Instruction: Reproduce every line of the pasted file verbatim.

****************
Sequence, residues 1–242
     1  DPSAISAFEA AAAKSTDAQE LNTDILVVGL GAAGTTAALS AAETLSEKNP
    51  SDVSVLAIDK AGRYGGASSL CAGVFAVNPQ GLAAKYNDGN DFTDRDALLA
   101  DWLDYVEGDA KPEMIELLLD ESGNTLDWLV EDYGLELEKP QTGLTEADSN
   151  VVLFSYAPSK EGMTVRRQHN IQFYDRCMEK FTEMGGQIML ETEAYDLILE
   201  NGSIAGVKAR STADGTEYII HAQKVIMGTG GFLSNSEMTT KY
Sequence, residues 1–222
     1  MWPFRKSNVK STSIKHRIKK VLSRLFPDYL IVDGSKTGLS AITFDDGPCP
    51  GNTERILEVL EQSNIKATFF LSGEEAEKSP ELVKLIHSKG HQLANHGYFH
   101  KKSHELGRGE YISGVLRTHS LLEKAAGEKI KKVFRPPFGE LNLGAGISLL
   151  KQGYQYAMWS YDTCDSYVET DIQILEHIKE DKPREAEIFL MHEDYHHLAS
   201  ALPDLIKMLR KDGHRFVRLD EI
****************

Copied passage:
Sequence, residues 1–242
     1  DPSAISAFEA AAAKSTDAQE LNTDILVVGL GAAGTTAALS AAETLSEKNP
    51  SDVSVLAIDK AGRYGGASSL CAGVFAVNPQ GLAAKYNDGN DFTDRDALLA
   101  DWLDYVEGDA KPEMIELLLD ESGNTLDWLV EDYGLELEKP QTGLTEADSN
   151  VVLFSYAPSK EGMTVRRQHN IQFYDRCMEK FTEMGGQIML ETEAYDLILE
   201  NGSIAGVKAR STADGTEYII HAQKVIMGTG GFLSNSEMTT KY
Sequence, residues 1–222
     1  MWPFRKSNVK STSIKHRIKK VLSRLFPDYL IVDGSKTGLS AITFDDGPCP
    51  GNTERILEVL EQSNIKATFF LSGEEAEKSP ELVKLIHSKG HQLANHGYFH
   101  KKSHELGRGE YISGVLRTHS LLEKAAGEKI KKVFRPPFGE LNLGAGISLL
   151  KQGYQYAMWS YDTCDSYVET DIQILEHIKE DKPREAEIFL MHEDYHHLAS
   201  ALPDLIKMLR KDGHRFVRLD EI